(0)
A procedure for moving towards a correct solution from a nonequilibrium starting guess
involves the use of dynamic equations. The starting guess with zero velocities is taken as the
initial conditions. The static loads are then applied and held constant as the system is allowed to move dynamically until motion dies out. This effectively avoids the singularity problem if damping and mass terms are appropriately defined.
If the physical characteristics are used to model the mass and damping, one can expect
very large transients which persist for long times. This means excessive solution costs and difficulties in controlling spurious oscillations in the solution. An obvious remedy is to assume artificial properties (fictitious mass and damping) which assure strongly damped
responses.
In the context that the static response is the limiting case of the damped dynamic response
over a long period of time then an important parameter controlling convergence is the damping coefficient. This parameter is determined using basic physical principles. Preference is given to values of damping just less than critical so that the solution will oscillate about its equilibrium position rather than convergence from one side.
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3. DYNAMIC RELAXATION METHOD
The following sections will summarize the basic formulations of the explicit and implicit DR methods. It should be stressed that in both cases the basic formulations follows closely the presented by, respectively, Underwood (1983) and Wu (1995). Therefore, the contribution of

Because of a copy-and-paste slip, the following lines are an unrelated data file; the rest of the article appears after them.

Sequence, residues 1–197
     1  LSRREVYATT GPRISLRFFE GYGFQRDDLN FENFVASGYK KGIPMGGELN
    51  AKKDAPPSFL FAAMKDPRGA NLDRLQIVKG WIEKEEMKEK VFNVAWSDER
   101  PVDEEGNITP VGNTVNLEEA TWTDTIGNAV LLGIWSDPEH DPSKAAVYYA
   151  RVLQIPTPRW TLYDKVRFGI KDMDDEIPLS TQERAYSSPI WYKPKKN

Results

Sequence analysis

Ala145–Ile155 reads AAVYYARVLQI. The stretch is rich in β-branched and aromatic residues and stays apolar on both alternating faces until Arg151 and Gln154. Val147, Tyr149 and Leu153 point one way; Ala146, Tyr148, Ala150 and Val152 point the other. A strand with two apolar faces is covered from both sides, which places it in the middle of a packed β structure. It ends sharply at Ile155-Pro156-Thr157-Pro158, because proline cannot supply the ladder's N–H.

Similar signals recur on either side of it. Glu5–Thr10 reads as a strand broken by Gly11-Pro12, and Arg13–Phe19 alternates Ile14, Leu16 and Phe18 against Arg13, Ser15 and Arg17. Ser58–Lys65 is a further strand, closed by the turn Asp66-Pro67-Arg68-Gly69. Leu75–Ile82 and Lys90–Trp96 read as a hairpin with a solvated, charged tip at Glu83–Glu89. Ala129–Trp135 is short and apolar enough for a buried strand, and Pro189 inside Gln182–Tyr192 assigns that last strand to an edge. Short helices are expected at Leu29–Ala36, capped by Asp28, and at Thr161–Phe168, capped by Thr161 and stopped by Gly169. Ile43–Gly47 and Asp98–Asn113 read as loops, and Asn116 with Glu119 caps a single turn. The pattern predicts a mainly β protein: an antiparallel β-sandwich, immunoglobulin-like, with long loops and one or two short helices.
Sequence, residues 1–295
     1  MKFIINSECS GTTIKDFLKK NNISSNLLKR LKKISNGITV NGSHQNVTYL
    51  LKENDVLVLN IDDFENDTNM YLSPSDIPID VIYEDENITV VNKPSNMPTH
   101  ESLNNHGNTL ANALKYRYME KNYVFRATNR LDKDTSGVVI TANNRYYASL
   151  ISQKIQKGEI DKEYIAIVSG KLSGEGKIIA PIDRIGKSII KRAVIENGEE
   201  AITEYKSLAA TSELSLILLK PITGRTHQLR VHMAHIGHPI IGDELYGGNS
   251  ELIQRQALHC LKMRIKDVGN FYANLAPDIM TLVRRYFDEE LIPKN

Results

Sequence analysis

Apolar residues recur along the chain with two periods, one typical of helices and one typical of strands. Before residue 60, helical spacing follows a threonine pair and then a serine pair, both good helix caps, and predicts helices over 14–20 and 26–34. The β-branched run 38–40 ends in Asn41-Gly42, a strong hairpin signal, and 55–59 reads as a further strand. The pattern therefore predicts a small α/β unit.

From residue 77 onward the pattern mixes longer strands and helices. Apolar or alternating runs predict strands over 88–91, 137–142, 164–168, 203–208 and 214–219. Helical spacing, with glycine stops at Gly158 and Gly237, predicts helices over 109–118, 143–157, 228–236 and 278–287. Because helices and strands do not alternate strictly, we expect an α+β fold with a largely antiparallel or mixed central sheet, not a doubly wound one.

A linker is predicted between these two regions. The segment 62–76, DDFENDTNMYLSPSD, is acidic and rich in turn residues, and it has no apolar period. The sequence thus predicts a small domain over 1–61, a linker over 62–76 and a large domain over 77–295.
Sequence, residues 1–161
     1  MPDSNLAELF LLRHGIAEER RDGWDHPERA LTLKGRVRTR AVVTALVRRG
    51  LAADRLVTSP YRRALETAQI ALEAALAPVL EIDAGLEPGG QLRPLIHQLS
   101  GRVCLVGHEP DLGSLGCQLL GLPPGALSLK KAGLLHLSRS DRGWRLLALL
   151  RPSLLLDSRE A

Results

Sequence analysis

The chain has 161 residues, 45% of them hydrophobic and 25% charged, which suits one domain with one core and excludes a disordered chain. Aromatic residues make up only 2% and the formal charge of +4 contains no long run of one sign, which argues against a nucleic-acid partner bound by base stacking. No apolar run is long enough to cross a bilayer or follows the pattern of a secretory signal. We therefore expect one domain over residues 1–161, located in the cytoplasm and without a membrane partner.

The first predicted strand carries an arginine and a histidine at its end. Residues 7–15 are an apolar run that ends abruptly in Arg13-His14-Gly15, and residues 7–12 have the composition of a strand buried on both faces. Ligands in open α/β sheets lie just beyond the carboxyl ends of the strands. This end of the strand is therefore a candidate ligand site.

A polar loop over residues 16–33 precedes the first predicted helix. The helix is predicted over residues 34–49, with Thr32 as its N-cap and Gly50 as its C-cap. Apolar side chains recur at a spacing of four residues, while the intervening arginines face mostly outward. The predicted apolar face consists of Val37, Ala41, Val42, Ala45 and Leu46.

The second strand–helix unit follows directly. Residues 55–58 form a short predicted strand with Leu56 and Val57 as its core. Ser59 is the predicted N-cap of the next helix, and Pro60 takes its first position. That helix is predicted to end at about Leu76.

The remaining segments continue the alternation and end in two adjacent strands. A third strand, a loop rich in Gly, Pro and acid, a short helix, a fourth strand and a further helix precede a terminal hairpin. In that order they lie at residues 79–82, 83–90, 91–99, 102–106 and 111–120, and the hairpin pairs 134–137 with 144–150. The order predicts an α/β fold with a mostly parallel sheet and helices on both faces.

this work relative to these earlier publications relies mainly in some (crucial) aspects regarding the solution strategy, including for instance the order of the application of load components; the selection of parameters, and the choice of the initial mesh, as will be shown later and in the numerical examples.
3.1 EXPLICIT DYNAMIC RELAXATION METHOD The Table 1 below shows the algorithm for an explicit implementation of the dynamic
relaxation method using adaptive strategies (Underwood, 1983; Silva, 2005).
Table 1. Explicit Dynamic Relaxation Method Algorithm with Adaptive Strategies
(A) Select ch and calculate the initial mass matrix M;
M ii ≥ ^{h} 2
n
∑
4
j=1
~
K _{i}_{j} 
(K ^{~}
_{i}_{j} is an element of the global tangent stiffness matrix)
(B) Load increments loop.
1. Residual vector at the first iteration
~
R _{0} = R _{0}  F _{0}
2. Displacements and velocities at the first step
1
U
U _{1} = U _{0} + hU
_{2}
*
*
1/2 ^{=}
(2  ch)U
*
1/2
B.1. Iteration loop
0 + ^{h}
_{2}
M ^{}^{1} (R
0  F 0
)
1.1. Calculate the acceleration vector
**
U
n =
1 _{h} (
*
U
*
n+1/2 ^{} ^{U} n1/2
)
1.2. Mass matrix error
e _{i} =
4
h ^{2}
**
**
 (U _{n} ) _{i}  (U
n1 ) i 
 (U n ) i  (U n1 ) i 
For e _{i} > 1 the mass matrix is recalculated
1.3. Internal forces / Mass matrix (if necessary)
1.4. Residual vector
~
R _{n} = R _{n}  F _{n}
1.5. Check for convergence
~ 

 R 
_{n}  /  R _{n}  b tolerance (stop when convergence is achieve) 
1.6. Damping coefficient
*
(U _{n} ) ^{T} K _{n} U _{n} / (U _{n} ) ^{T} MU _{n}
c _{n} = 2
*
where (K ^{*} _{n} ) _{i}_{i} = {(F _{n} ) _{i}  (F _{n}_{}_{1} ) _{i} } / h(U
1.7. Velocities
n1/2 ^{)} i
*
U
n+1/2 _{=} (2  ch) (2 + ch)
*
U
n1/2 ^{+}
1.8. Displacements
*
U _{n}_{+}_{1} = U _{n} + hU
n+1/2
End – iteration loop (B.1) End – load increments loop (B)
2h
(2 + ch) ^{M} 1 ^{(}
R _{n}  F _{n}
^{)}